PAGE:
Shelley Cadamy is a native Oklahoman and adoptive/foster parent who has done economic development work in Oklahoma since 1994.
During a Leadership Oklahoma City session several years ago, I had the opportunity to ask the Oklahoma City Police Chief and Oklahoma County Sheriff what one thing each would change if they could. The answer was clear and unanimous – expand care for the mentally ill.
Regardless of one’s views on a government’s moral responsibility to its mentally ill citizens, the economic arguments for treating the mentally ill are staggering. According to the Oklahoma Department of Mental Health & Substance Abuse Services (ODMHSAS), the greatest direct cost associated with untreated mental illness and addiction in Oklahoma is to the state Department of Corrections and the overall criminal justice system, which must bear the financial burden as increasing numbers of untreated mentally ill Oklahomans cause disturbances and become incarcerated. Out of 25,000 inmates, the Oklahoma Department of Corrections estimates that nearly 12,000 have a history of, or are currently exhibiting, some form of mental health problem.
Three years ago, I became a foster parent to my now adopted children, and I experienced first-hand the social and economic effects of untreated mental illness. Mental illness is rampant for generations on both sides of my children’s biological family, and though it’s not the only cause, it is a serious contributor to the generational abuse and neglect that led to my children becoming foster children. Untreated mental illness also contributed toward various members of their extended family’s incarceration, teenage pregnancies, drug and alcohol abuse, and dependence upon public assistance like Social Security Disability, Section 8 housing and food stamps.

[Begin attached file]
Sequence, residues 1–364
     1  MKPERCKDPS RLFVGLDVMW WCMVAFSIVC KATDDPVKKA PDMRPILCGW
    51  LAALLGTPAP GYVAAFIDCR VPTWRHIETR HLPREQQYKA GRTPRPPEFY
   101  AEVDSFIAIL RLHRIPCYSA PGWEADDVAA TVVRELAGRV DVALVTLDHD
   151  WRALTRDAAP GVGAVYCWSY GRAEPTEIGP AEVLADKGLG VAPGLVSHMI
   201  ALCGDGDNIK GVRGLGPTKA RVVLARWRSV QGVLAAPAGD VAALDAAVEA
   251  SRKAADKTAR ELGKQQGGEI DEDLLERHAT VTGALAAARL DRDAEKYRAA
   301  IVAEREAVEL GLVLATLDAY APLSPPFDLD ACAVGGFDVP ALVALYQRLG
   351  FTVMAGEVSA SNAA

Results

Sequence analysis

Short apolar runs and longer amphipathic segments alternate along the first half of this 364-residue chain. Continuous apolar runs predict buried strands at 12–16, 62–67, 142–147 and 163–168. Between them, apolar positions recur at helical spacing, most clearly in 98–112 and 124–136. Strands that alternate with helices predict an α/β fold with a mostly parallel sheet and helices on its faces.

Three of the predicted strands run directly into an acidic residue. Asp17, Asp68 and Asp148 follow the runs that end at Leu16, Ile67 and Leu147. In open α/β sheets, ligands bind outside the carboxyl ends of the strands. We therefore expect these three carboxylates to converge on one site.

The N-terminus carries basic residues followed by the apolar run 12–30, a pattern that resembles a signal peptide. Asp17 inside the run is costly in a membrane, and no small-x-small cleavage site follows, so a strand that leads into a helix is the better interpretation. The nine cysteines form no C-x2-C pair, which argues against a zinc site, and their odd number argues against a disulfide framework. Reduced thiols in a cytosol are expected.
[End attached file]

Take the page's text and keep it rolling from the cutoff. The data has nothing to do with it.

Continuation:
At last year’s Journal Record “50 Women Making a Difference” event, Terri White, commissioner for the state Department of Mental Health and Substance Abuse Services, explained that though Oklahoma is a dismal 46th in the nation for mental health funding, her department took a $20 to $25 million dollar cut in a period of 18 months and will take another cut in 2011.
While the reduction of mental health services may seem like a necessary economic move in the short-term, it will actually result in further over-crowding of our jails and prisons, increased emergency room visits, increased homelessness, more kids in foster care, and increased job absenteeism, all of which result in huge negative economic impacts for our state.
Though the annual cost of incarcerating someone with a serious mental illness in Oklahoma ($23,000) far outweighs actual treatment ($3,968 for mental health inpatient services or $1,275 for mental health outpatient services), we continue to allocate dollars to incarceration rather than treatment. Additionally, the ODMHSAS has demonstrated that the cost of their proposed “Smart on Crime” approach, which includes programs to address mental illness and addiction at various diversion points, presents a significant savings of $95.6 million annually to the state of Oklahoma and a net gain/cost savings of at least $123 million a year for every year beyond the initial 5 years of the program. ODMHSAS’ estimates involve direct costs only.
Dr. Thomas R. Insel, MD reported in the June 2008 issue of the American Journal of Psychiatry that the estimated indirect costs of untreated mental illness to the US totaled $317 billion in 2002. That number includes health care expenditures, loss of earnings, and disability benefits only, and not the cost to the corrections system; police, fire and emergency; or the foster care system. Finally, his findings did not include those who are incarcerated, institutionalized or homeless, so the actual indirect cost in 2010 is substantially higher than the $317 billion that was established in 2002, and Oklahoma’s portion is substantial.
As an economic development professional, I know that certain expenditures by the state earn a substantial return on investment. We’ve funded the Quality Jobs Program for over a decade in an effort to recruit quality jobs here. We fund seed investment through OCAST and i2E. It’s time for us to view mental health services as an investment as well – one that will return tremendous cost savings and a higher quality workforce for decades to come.
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